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O wait, or did you think mashed potatoes come out of paper boxes? :tongue2:
 
  • #17
Gokul43201
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According to Bob Seger, "Is it a woman, or a man?" is an old cliche. I tend to disagree...'cause that would make every commonplace statement/question a cliche. In fact I'd bet my bottom dollar...
 
  • #18
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Originally posted by Monique:
Dutch cuisine involves lots of recipes of vegetables with mashed potatoes.. so a strong guy has to be brought into the kitchen to do the pounding...

Don't you cook 'em first?
 
  • #19
Hurkyl
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Monique said:
O wait, or did you think mashed potatoes come out of paper boxes? :tongue2:

:cry:


I just didn't know you "pound" them.
 
  • #20
Monique
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gnome said:
Don't you cook 'em first?
you first COOK them??
*mumble* maybe that's.. ajuh.. good point.. :uhh:

Hurkyl: that's ok, that's one person who won't start pounding the floor or nearby walls when asked to mash the potatoes :biggrin:
 
  • #21
Hurkyl
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Well, I will now. :devil:
 
  • #22
Monique
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ay... *crumbles up diner invitation*
 
  • #23
Hurkyl
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You can still invite me, just make sure I come after dinner's ready. :smile:
 
  • #24
jimmy p
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All in all, we must use our strengths against our opponents weaknesses to overcome the boundaries.
 
  • #25
plover
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Njorl said:
I like botched cliches, like, "It sticks in my throat like a craw." or "For all intensive purposes".
Njorl

I'm not sure "For all intents and purposes" counts as a cliche. (Though I'm a monkey's uncle if I can figure out why...)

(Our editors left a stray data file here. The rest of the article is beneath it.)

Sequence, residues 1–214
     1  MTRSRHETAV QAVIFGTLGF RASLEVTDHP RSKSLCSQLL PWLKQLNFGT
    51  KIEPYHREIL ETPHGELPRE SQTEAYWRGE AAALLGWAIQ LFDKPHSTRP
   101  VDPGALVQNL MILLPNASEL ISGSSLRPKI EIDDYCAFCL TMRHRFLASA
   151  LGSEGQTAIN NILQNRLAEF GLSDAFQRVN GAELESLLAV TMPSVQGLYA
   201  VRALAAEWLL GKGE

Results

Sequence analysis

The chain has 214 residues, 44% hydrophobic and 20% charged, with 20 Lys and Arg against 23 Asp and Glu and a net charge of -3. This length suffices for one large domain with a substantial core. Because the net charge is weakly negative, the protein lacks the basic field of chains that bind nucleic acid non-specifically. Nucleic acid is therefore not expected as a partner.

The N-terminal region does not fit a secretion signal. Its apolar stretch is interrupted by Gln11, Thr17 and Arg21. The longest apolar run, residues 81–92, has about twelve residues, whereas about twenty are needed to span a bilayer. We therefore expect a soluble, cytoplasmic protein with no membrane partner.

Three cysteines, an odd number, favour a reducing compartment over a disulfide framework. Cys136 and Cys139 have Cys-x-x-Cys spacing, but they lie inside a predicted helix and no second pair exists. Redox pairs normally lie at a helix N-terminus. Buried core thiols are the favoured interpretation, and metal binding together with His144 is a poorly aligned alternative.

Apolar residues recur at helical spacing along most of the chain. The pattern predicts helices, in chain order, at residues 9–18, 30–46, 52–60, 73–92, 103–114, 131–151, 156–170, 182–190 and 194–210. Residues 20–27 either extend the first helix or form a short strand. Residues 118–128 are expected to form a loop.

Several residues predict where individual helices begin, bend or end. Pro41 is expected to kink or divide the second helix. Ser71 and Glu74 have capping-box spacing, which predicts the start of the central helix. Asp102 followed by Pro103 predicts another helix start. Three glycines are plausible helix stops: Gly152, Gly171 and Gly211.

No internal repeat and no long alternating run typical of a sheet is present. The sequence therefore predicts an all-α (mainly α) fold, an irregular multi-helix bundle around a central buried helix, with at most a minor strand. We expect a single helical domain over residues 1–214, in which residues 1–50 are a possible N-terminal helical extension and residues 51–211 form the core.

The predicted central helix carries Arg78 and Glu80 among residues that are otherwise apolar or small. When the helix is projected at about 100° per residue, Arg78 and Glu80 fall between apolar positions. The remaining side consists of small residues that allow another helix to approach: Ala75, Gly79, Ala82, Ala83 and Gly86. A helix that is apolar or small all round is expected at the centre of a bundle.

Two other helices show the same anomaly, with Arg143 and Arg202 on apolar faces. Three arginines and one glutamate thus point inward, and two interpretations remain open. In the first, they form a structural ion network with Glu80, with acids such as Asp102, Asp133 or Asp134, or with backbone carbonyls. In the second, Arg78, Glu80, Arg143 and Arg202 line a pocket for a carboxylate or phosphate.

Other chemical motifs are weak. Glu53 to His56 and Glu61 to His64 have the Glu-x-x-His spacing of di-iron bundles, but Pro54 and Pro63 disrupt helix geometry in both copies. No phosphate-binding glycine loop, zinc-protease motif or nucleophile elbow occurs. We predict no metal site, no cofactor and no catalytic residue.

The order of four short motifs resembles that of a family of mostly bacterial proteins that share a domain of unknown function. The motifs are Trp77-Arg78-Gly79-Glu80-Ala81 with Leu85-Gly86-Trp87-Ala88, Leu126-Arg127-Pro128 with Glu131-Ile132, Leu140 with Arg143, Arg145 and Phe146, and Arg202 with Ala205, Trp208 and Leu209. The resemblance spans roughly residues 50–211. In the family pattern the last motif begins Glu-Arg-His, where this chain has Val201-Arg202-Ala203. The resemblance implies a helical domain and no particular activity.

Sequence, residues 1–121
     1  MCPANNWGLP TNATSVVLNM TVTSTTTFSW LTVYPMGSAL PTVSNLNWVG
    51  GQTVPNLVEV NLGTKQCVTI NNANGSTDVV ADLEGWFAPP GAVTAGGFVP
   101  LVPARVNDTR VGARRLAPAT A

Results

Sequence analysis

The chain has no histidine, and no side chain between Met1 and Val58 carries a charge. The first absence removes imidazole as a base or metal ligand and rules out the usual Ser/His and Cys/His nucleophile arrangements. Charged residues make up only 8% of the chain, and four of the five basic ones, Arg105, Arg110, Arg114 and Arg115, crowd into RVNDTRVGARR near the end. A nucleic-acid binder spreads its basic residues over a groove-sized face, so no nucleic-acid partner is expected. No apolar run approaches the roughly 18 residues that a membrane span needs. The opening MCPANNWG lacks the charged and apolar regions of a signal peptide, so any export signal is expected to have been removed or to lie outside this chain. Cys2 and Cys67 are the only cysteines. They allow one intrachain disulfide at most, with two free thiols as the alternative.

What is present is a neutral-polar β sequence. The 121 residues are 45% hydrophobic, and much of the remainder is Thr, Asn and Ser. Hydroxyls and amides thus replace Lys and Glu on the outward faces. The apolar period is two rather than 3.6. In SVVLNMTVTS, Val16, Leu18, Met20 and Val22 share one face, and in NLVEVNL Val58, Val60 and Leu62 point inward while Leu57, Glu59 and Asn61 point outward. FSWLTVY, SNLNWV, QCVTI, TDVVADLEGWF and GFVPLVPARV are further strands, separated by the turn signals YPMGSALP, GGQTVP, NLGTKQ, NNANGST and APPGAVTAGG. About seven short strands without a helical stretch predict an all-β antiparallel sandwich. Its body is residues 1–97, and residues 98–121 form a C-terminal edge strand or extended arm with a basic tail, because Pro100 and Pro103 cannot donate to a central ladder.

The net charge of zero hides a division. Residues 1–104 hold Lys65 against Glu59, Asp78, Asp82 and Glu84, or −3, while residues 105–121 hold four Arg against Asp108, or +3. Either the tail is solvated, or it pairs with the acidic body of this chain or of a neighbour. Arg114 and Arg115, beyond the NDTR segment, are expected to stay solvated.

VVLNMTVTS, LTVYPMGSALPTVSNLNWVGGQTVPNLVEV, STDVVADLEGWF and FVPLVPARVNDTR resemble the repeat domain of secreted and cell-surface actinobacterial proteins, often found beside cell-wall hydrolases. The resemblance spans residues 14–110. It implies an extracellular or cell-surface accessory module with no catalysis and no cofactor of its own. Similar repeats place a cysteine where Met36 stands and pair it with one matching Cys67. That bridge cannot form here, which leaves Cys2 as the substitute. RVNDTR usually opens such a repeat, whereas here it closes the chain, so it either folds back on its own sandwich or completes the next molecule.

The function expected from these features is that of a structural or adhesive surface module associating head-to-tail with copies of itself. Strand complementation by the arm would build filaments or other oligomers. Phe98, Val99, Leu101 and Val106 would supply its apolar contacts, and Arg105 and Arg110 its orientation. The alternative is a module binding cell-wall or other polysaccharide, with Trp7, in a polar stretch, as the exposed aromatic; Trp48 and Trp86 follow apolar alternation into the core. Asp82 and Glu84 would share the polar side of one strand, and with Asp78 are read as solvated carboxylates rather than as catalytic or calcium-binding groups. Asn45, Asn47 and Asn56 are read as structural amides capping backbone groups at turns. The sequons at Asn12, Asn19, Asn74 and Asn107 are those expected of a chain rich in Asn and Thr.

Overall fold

For a long time as a kid, I thought that the word 'mishapen' was pronounced as 'miss-happen' - after all, it referred to something that had suffered a mishap...

Anyway, this is all as weird as a snake's suspenders.
 
  • #26
Ivan Seeking
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For some reason there is an entire subculture within the US that de-thaws meat before cooking; not thaw the meat like everyone else, de-thaw. Some people from the St. Louis area [like some of my family] tend to use this expression. When I hear this and ask when they thaw the meat, they usually look a little confused and say something like, "same thing", or, "oh ya". Then they say it again the next time. :biggrin: Considering the large population of Germans from the area, I have always suspected it may be a German dielect remnant of some kind.

In college, my German Language professor would say "now that we have that behind our belts", instead of "under our belts". Fourty years in the US but this little idiom had escaped his attention.
 
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  • #27
Monique
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Ivan Seeking said:
de-thaws meat before cooking [..] I have always suspected it may be a German dielect remnant of some kind.
lol, I think you're right :tongue2: the proper translation probably should be be-thaw :) the act of thawing.
 
  • #28
plover
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Monique said:
lol, I think you're right :tongue2: the proper translation probably should be be-thaw :) the act of thawing.

And of course it should have Anglo-Saxon style tenses:

I bethaw, I bethew, I was bethewn
 
  • #29
Could we say that something is slicker than deer guts on a doorknob, or would that be wrong.
 
  • #30
BobG
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"Give it 110%".

That's not only a bad cliche, it's bad math. Besides, there are better options.

Here's a little math that might prove helpful.

What makes 100%?

If

A B C D E F G H I J K L M N O P Q R S T U V W X Y Z

is represented as:

1 2 3 4 5 6 7 8 9 10 11 12 13 14 15 16 17 18 19 20 21 22 23 24 25 26.

Then,

K N O W L E D G E
11 14 15 23 12 5 4 7 5 = 96%

H A R D W O R K
8 1 18 4 23 15 18 11 = 98%


But,

A T T I T U D E
1 20 20 9 20 21 4 5 = 100%

So you, see? Attitude is much more important than knowledge or hard work.


And,

B U L L S H I T

2 21 12 12 19 8 9 20 = 103%

So, it stands to reason that hardwork and knowledge will get you close, attitude will get you there, but bull**** will put you over the top.



But, look how far A S S K I S S I N G will take you

1 19 19 11 9 19 19 9 14 7 = 118%